When 11-year-old Ren’s master dies, he makes one last request of his Chinese houseboy: that Ren find his severed finger, lost years ago in an accident, and reunite it with his body. Ren has 49 days, or else his master’s soul will roam the earth, unable to rest in peace.
Ji Lin always wanted to be a doctor, but as a girl in 1930s Malaysia, apprentice dressmaker is a more suitable occupation. Secretly, though, Ji Lin also moonlights as a dancehall girl to help pay off her beloved mother’s Mahjong debts. One night, Ji Lin’s dance partner leaves her with a gruesome souvenir: a severed finger. Convinced the finger is bad luck, Ji Lin enlists the help of her erstwhile stepbrother to return it to its rightful owner.
As the 49 days tick down, and a prowling tiger wreaks havoc on the town, Ji Lin and Ren’s lives intertwine in ways they could never have imagined. Propulsive and lushly written, The Night Tiger explores colonialism and independence, ancient superstition and modern ambition, sibling rivalry and first love. Braided through with Chinese folklore and a tantalizing mystery, this novel is a page-turner of the highest order.
This novel is based on a murder mystery set in Malaya in the 1930s. There is a LOT of superstitions about death which is mentioned in this novel.
Character wise: Choo has her characters named after the five Confucian Virtues and their stories are brought together by fate. From the start, we are told one of the main characters Ren has a dead twin brother Yi. Ten is the virtue of humanity. Yi is righteousness. Ji Lin is named for knowledge/wisdom. I thought the retelling of dreams would be interesting however I did find the writing style could have been improved for the – not older audience but for those that need attention to detail.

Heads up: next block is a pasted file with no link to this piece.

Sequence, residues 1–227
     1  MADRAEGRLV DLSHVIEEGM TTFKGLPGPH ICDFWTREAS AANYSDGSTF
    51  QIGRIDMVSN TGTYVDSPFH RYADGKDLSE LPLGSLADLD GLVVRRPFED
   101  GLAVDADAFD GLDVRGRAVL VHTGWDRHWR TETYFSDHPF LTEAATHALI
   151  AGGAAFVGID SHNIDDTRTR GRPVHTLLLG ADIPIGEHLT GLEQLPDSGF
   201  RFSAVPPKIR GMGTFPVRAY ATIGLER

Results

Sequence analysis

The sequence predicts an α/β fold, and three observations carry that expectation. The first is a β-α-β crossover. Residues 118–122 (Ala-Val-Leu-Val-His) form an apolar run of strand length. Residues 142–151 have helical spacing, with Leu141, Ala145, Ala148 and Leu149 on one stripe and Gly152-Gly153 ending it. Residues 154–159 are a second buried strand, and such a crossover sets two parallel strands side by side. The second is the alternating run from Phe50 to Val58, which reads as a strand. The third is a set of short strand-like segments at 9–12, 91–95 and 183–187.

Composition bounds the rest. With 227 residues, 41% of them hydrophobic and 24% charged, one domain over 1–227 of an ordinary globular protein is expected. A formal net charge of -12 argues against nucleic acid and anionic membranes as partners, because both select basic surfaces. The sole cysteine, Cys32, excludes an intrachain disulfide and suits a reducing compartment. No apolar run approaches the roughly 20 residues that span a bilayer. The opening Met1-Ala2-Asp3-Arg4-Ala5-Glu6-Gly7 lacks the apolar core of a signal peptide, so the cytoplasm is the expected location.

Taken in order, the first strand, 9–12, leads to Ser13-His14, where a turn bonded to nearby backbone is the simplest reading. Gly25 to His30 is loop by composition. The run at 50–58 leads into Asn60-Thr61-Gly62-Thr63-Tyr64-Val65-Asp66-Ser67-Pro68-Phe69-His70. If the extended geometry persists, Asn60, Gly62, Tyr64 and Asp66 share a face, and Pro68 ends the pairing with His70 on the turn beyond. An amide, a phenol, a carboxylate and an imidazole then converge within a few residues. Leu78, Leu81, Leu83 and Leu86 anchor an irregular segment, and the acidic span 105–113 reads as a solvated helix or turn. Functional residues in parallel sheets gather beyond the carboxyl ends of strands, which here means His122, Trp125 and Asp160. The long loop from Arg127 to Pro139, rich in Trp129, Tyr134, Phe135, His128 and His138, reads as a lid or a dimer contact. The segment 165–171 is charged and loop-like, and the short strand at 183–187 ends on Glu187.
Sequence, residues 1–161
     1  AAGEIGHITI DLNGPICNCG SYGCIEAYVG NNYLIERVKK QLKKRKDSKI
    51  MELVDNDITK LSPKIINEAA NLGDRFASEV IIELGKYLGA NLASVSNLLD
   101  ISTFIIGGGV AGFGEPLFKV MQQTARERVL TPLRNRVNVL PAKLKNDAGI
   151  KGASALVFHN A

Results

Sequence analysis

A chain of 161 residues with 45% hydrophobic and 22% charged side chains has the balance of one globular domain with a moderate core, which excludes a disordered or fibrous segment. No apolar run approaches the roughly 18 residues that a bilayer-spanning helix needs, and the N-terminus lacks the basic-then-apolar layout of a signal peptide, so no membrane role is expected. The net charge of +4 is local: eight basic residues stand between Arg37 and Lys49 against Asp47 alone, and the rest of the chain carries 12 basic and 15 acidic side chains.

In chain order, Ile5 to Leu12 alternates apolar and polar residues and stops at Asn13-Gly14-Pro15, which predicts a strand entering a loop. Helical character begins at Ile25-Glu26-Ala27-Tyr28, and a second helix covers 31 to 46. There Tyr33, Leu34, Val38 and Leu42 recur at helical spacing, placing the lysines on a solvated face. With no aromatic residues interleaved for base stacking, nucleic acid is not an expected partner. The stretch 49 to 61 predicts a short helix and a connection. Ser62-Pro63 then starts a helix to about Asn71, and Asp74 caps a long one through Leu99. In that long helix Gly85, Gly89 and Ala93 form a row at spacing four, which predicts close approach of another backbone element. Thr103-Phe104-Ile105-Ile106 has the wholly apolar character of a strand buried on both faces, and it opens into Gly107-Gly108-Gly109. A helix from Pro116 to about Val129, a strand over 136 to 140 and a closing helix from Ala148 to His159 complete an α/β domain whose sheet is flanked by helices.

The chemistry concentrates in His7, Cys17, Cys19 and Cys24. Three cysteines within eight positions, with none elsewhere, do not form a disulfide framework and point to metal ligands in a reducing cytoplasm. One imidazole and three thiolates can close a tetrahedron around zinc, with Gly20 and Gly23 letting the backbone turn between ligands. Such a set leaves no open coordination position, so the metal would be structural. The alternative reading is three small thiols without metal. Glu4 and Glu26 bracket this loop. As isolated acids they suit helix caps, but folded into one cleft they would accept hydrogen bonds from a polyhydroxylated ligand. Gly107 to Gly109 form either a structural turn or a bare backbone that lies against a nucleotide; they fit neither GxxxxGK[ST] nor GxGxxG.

Ren is orphan who’s master is a dying British doctor who leaves a mission for Ren – to find his lost finger and bury it with the doctor within 49 days or his master’s soul will never be at peace.
Ji Lin works in a dance hall (moonlighting at night) as she is trying to pay off her mother’s debt. One of the guys she dances with gives her a glass vial with a finger in it. This guy died shortly after.
Choo’s plot intertwines the fate of these two characters. These characters are interesting the way they are described and written however the length of this novel did put me off at times. The novel shows an overlap of the British colonial rule on an Eastern society at this time as well as an ancient culture in which values are sometimes at odds with modern life. I like how Choo created a detailed environment that shows the ancient superstitions and how they can live with modern medicine and policing.